MSNBC, May 8, 2008: Poverty experiment eye-opening for leaders in Buffalo
By CAROLYN THOMPSON
Associated Press Writer
The Associated Press
BUFFALO, N.Y. – Maria Whyte’s two-day experiment living at the poverty level left her with debt, a parking ticket and probably a few gray hairs.
“I was so stressed out!” the Erie County legislator said Thursday as she joined a call for the city to address its census ranking as the nation’s second-poorest big city.
Whyte and other community leaders spent the past few days trying to make ends meet on $9.25 a day. If they factored in the daily cost of a car, health care, cell phone and cable television, they were in the hole before breakfast.
It was an exercise in solidarity, organizers said, for the 29.9 percent of Buffalo residents the U.S. Census Bureau says are living in poverty well over the 13.3 percent national rate. The federal poverty guideline is an annual income of $17,600 for a family of three and $10,400 for a single individual.
Only Detroit has a higher poverty rate among cities with populations of more than 250,000.
“We are a compassionate city. We can do better than this,” said Whyte, who rushed her son onto a public bus to get him to day care, fed him toast and peanut butter along the way and then had less time to spend with him at the end of the day.
When she did use her car, rather than put 75 cents of the 84 cents left in her budget into a parking meter, she got a $30 ticket.
The census shows 43 percent of Buffalo children live in poverty.
“Your entire day would be spent on limiting possibility and choices for your children,” said Arlene Kaukus, president of the United Way of Buffalo and another challenge participant.
Those in other large cities upstate aren’t faring any better: In Rochester, 30.1 percent of individuals live in poverty, while the percentage is 29.6 percent in Syracuse and 27.1 percent in Albany.
“The food you choose, the trips in the car or where you can go, the recreational choices you can enjoy everything you need to do on behalf of your child has to be an intentional choice,” Kaukus said, “and it’s all about limiting. …Children in western New York do not deserve to grow up in households where there is no possibility.”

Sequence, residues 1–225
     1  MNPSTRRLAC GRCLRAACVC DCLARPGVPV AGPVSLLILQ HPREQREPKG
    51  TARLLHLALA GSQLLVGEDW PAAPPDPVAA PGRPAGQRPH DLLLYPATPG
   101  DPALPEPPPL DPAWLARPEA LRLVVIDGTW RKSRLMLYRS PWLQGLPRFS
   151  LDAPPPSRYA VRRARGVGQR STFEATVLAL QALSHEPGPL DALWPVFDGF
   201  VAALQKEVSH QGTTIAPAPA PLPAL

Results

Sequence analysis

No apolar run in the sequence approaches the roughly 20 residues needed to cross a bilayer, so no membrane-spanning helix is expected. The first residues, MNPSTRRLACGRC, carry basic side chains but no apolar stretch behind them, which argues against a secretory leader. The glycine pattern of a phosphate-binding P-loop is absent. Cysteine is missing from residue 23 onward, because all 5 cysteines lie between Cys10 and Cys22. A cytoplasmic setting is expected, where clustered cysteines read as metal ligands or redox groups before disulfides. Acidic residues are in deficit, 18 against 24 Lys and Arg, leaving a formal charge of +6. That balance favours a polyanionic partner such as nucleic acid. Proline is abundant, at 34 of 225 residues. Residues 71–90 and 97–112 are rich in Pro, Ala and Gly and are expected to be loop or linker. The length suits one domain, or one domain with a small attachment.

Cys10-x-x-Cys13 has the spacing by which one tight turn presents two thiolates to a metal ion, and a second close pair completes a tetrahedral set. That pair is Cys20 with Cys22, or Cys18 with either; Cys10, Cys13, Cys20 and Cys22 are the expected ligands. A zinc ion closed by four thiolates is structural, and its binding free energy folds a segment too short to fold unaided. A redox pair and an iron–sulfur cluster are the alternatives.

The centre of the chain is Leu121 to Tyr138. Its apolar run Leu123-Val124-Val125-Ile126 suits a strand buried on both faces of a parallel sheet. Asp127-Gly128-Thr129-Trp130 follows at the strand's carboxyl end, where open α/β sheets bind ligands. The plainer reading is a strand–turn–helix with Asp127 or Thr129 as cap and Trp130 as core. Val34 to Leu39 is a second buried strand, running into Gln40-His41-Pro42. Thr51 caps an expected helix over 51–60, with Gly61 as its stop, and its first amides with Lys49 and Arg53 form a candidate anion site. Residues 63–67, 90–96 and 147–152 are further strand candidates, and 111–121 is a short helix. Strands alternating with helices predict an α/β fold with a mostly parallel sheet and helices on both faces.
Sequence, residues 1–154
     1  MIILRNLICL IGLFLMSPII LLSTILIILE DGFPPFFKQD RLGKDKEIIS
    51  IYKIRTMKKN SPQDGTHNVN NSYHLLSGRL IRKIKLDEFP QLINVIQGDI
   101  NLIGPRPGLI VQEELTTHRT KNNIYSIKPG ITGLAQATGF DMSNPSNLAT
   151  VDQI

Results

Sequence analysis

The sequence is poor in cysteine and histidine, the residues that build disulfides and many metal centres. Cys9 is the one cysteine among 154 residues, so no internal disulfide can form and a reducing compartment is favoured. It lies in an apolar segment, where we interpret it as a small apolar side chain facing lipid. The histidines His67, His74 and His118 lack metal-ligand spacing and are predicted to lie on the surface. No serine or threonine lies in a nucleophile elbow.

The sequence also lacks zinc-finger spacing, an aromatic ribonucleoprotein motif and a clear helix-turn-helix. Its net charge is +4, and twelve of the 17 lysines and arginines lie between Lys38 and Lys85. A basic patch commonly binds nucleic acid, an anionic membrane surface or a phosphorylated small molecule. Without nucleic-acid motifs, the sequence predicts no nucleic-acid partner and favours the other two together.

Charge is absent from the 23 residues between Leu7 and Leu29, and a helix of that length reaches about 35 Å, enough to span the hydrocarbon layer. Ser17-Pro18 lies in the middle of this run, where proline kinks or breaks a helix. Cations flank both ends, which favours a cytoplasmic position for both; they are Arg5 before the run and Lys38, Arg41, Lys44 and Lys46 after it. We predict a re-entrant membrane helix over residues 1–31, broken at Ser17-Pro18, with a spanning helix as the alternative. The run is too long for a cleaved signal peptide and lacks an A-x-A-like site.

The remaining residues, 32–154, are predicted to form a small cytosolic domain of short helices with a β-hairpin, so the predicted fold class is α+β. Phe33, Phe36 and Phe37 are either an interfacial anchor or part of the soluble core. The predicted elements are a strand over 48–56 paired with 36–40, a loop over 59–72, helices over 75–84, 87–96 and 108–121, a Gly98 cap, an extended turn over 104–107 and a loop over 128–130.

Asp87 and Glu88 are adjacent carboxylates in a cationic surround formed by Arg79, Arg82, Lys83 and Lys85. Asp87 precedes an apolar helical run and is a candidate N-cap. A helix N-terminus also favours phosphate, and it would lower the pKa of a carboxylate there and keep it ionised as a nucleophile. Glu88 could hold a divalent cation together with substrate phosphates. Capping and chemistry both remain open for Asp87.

Since learning of the census numbers in August, “We haven’t had the community-wide discussion about poverty that we need to have,” said William O’Connell, executive director of the Homeless Alliance of Western New York.
He called on Mayor Byron Brown and Erie County Executive Chris Collins to establish a task force to recommend poverty-reversing policies.
“Poverty needs to be the lens through which we create all of our policies,” O’Connell said.
Brown in January appointed a deputy mayor, Donna Brown, and immediately charged her with developing an anti-poverty strategy for his administration.
“It certainly concerns everyone here and it’s yet another reason why we’re aggressively pursuing a variety of initiatives,” Brown spokesman Peter Cutler said, “especially from an economic development standpoint, neighborhood based, as well as larger commercial developments.”
O’Connell said neighborhood development and the growth of small businesses with jobs that pay a livable wage will be key.
“Across our country, world-class cities like New York, San Francisco, Seattle and Austin have made reducing poverty a priority in their policy making,” he said. “Why should Buffalo and Erie County do less?”